Band alumni to protest after request to reincorporate traditional Black marching style was declined
Members of Gainesville Eastside High School's Richard E. Parker Alumni Band invited the community to protest at next week’s Alachua County School Board meeting. It’s the latest chapter in a story that has been unfolding for 52 years.
Eastside High School’s band used to march in the style of historically Black colleges and universities, like Florida Agricultural and Mechanical University and Bethune-Cookman, beginning under its first director Richard Parker.
This summer, alumni band members made a formal request to school officials to reincorporate elements of the traditional HBCU style into the school band’s current corps style, in order to attract more Black students back to the program.
School administration declined their request.
The band itself has a rich history tracing back to integration, and used to reflect the school and the neighborhoods that surround it. Black and white students participated in roughly equal numbers.
The band made a final switch away from HBCU-style marching to corps-style marching in 2007. The change was marked by many as a significant loss to Gainesville and the surrounding communities.
Today, the band is mostly non-Black students, despite being at a majority Black school.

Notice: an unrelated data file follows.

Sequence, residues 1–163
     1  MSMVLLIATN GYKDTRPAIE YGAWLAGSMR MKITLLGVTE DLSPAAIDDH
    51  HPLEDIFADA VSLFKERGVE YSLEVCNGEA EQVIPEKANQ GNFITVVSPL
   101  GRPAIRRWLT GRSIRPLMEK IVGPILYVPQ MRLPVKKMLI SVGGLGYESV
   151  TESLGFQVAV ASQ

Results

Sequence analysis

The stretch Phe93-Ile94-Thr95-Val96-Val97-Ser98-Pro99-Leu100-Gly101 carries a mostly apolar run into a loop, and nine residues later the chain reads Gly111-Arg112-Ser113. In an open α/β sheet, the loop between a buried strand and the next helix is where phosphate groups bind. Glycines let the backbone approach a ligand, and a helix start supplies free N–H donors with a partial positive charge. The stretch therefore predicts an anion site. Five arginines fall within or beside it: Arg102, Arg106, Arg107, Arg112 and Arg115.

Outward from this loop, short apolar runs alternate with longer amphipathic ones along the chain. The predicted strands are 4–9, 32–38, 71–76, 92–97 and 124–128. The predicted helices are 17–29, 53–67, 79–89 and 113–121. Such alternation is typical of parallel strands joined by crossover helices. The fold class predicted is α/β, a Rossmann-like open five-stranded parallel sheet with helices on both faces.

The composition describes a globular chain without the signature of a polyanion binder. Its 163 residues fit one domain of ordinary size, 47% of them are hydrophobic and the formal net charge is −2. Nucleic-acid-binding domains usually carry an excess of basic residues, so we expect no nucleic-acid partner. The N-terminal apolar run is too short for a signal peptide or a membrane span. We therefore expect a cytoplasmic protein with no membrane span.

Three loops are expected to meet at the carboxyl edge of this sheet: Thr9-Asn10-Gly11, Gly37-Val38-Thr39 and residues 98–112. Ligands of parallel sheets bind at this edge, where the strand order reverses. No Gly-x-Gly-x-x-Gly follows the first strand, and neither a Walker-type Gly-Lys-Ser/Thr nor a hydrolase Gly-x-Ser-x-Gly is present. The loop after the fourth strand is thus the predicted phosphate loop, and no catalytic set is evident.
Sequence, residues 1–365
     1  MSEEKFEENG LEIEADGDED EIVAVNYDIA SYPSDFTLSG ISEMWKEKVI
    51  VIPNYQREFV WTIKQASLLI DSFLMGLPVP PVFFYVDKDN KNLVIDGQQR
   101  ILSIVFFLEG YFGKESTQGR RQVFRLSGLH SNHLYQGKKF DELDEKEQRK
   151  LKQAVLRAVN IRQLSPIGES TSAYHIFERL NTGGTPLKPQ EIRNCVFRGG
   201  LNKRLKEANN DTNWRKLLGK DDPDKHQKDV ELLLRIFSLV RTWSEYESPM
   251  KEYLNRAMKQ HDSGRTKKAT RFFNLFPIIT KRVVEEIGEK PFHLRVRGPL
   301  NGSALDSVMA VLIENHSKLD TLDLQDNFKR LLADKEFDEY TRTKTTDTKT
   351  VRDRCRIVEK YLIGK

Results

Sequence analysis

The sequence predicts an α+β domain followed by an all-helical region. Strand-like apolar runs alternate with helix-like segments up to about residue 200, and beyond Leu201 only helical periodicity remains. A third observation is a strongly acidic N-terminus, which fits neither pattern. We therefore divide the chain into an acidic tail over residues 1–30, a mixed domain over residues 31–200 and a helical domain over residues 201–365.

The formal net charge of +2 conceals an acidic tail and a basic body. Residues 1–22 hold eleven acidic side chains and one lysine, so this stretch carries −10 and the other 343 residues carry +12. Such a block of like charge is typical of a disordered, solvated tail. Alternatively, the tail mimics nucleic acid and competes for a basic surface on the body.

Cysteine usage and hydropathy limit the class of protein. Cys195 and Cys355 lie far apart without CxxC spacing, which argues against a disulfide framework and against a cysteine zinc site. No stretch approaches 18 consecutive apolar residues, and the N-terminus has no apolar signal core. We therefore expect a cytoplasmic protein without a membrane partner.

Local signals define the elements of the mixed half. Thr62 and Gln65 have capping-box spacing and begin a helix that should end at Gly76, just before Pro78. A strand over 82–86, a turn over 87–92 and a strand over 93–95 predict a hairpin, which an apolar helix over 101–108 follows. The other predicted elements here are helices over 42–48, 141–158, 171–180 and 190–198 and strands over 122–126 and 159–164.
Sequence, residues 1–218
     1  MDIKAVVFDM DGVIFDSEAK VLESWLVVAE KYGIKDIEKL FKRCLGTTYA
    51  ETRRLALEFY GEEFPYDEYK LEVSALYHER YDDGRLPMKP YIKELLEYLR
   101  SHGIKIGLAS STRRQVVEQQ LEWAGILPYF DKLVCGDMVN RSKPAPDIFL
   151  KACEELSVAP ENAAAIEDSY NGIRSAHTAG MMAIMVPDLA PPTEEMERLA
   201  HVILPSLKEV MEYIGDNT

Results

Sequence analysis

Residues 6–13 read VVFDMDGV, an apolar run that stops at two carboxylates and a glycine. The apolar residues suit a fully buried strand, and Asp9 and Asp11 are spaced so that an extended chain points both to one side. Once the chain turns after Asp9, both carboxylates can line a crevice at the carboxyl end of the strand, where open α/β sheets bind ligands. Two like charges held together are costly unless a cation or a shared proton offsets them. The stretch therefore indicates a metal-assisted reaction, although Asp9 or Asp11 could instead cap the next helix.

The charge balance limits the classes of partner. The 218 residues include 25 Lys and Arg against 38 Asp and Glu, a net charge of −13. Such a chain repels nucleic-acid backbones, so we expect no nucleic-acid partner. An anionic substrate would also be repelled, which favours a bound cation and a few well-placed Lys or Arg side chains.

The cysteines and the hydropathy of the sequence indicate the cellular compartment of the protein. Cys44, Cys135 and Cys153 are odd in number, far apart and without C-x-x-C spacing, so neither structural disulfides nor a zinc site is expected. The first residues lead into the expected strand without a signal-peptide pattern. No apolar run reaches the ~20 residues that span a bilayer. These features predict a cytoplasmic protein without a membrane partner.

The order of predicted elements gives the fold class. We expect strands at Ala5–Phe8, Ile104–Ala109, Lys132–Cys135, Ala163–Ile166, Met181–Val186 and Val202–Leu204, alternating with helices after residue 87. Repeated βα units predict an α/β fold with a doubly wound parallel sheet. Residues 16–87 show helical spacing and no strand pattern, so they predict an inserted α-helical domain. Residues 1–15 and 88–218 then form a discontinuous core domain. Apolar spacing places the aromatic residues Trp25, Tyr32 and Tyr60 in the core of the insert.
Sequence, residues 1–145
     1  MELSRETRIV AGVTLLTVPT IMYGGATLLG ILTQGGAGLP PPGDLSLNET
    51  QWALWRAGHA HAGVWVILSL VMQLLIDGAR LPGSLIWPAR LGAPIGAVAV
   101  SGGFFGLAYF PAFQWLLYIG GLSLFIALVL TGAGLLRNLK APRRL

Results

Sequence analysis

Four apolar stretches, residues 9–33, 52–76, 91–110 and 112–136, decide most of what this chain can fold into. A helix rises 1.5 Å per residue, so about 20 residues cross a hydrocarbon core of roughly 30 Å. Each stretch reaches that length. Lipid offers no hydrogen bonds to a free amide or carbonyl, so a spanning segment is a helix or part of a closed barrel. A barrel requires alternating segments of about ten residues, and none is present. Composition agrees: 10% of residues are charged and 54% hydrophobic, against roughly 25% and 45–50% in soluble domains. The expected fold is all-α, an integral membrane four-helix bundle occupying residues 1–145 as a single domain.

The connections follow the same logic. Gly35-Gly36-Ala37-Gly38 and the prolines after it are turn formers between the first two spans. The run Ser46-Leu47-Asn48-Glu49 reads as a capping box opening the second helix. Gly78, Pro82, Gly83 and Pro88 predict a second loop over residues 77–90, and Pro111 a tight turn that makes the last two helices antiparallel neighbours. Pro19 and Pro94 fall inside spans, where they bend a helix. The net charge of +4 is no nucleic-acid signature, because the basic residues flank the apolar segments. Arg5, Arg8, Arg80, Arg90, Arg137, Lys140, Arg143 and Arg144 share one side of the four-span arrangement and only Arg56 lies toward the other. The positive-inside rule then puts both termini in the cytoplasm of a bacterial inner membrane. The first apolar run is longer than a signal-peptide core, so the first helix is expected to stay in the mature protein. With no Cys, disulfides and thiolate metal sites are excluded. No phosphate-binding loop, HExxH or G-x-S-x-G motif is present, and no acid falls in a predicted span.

To understand why the shift in band style is significant, and why alumni band members are adamant about bringing the tradition back, listen to the WUFT audio documentary below, or read: How a Black marching band style was erased from Gainesville’s fields, and why it matters decades later.
Protest organizers said “the movement is bigger than the music.”
They aim to raise test scores and lessen discipline referrals by engaging Black students in band again, and to “keep students off the streets by putting instruments into their hands instead of guns.”
In response, current band director Joseph Hughes proposed a joint performance with the alumni band – something they have done in the past – but he did not address their request to reincorporate the HBCU style.
Principal Leroy Williams said the school will be moving forward with Hughes’ proposal, and declined – for both himself and Hughes – to comment on the reasons for refusing the request and the challenges it presents.
“We are not interested in speaking with you at this time as we are preparing for the school year,” Williams told WUFT. “We are not considering any other proposals at this time.”
Black and white alumni band members alike said the refusal to reincorporate the HBCU style is valuing white culture over Black culture, to the detriment of the students at Eastside High.
Because working directly with the school hasn’t worked, they said, organizers are now inviting the community to protest in front of the administration office on Tuesday, Aug. 16, at 5 p.m.